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Xinming An, PhD
Xinming An, PhD


The An Lab primarily focuses on developing statistical models and computational techniques/algorithms for complex multimodal high dimensional temporal-spatial data analysis and their applications for studying adverse posttraumatic neuropsychiatric sequelae (APNS), such as pain and PTSD.

These applications include: 1) Development of risk prediction tools, derivation and validation of objective biomarkers; and 2) Identification of subtypes of APNS with homogenous structures/relationships.

Over the past year, the An Lab has made great progress and significant contributions to the field.


1) Heterogeneous Causal Graph:

Working with collaborators from NCSU, we developed an innovative statistical approach to learn and test heterogeneous/individual casual graphs based on the Structural equation model (SEM) framework. The corresponding manuscript has been selected as one of the winners of the 2023 Mental Health Statistics Section Student Paper Award competition and was accepted by one of the top machine learning conferences (ICML 2023).

2) Study multiple APNS outcomes:

Working with collaborators from NCSU, we are developing an innovative statistical approach to investigate risk factors and develop risk prediction tools of multiple APNS outcomes (e.g., pain, somatic symptom, PTSD and depression) based on high dimensional cross-sectional and intensive longitudinal data.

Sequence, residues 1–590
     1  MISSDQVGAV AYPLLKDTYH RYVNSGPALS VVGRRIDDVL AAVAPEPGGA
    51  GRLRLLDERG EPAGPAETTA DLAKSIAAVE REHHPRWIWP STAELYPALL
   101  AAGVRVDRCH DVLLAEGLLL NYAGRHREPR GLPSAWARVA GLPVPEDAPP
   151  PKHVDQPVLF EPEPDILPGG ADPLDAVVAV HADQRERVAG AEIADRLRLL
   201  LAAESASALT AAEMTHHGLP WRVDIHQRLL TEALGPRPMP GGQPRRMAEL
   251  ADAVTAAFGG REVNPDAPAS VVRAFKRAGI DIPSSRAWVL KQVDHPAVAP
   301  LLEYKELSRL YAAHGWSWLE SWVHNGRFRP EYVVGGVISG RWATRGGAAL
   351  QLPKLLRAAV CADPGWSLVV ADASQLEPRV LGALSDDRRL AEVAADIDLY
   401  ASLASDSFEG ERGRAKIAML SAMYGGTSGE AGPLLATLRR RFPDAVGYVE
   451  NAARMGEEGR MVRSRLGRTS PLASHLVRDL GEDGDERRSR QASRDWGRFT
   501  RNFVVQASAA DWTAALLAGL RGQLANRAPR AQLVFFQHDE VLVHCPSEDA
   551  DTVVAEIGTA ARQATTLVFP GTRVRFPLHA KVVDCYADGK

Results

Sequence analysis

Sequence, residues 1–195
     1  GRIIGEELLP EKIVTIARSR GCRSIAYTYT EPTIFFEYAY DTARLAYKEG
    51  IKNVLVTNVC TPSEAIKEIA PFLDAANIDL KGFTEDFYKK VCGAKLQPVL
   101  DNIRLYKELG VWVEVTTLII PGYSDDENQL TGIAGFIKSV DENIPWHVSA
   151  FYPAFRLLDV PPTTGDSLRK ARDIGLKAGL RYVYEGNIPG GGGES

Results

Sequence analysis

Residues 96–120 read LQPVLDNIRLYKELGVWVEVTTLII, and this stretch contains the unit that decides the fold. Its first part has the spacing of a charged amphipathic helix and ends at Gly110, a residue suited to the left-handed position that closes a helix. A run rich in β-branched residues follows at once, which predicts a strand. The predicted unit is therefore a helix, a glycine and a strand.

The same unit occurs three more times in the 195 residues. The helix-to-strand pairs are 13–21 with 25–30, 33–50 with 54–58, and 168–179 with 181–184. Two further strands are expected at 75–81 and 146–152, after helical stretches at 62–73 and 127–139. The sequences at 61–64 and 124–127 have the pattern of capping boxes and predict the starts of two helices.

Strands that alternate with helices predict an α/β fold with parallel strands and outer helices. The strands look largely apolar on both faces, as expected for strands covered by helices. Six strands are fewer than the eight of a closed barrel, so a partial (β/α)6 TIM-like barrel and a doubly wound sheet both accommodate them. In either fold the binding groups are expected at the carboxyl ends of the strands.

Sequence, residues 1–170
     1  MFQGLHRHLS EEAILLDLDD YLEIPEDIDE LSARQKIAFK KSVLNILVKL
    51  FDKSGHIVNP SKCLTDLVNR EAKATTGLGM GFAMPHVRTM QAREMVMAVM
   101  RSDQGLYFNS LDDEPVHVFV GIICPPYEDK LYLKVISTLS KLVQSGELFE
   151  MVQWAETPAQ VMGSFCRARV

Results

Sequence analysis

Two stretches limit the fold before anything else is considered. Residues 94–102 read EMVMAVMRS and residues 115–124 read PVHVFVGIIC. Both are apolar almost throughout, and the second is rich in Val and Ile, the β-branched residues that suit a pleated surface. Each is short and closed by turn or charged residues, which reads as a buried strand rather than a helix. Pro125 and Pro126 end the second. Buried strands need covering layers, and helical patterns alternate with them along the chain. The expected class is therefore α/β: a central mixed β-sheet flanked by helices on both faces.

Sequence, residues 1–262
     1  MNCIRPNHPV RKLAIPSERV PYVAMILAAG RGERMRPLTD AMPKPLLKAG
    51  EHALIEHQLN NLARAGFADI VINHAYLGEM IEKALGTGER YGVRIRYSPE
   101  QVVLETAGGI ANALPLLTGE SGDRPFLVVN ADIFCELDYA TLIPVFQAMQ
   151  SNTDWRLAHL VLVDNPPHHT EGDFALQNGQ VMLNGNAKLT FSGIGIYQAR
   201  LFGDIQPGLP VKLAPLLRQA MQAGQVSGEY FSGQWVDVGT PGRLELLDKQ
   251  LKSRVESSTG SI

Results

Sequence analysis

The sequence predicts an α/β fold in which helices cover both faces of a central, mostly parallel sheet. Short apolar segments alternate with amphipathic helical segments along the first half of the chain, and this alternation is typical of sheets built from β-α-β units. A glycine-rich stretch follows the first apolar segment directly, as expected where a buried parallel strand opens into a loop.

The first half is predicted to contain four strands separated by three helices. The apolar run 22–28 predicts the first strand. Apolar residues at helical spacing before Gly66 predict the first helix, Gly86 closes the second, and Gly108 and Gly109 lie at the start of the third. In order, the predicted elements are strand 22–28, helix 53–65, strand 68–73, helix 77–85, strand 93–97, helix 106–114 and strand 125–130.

3) Understanding onset, transition and associated risk factors for APNS after trauma exposure:

Based on serial assessments of symptoms from a large cohort study, we identified homogeneous statuses across multiple APNS symptom domains and investigated the dynamic transitions among these statuses during the first two months after trauma exposure. Furthermore, we studied how symptom onset and transitions are affected by equity-relevant characteristics. This study advances our current knowledge about the onset and dynamic transitions of APNS within the first two months after trauma exposure. The observed dynamic prognosis of APNS and associated risk factors can help develop effective preventive interventions for APNS and inform efforts to mitigate health disparities among trauma survivors.

4) Investigating the association of cell-type specific methylation with APNS:

We are working with collaborators on a project to investigate the association of cell-type specific methylation with APNS outcomes (e.g., PTSD, depression and pain). By using an innovative computational technique, this project studies methylation signals at cell-type-specific resolution (individuals by methylation sites by cell types) from tissue-level bulk data (individuals by methylation sites).

Lab Members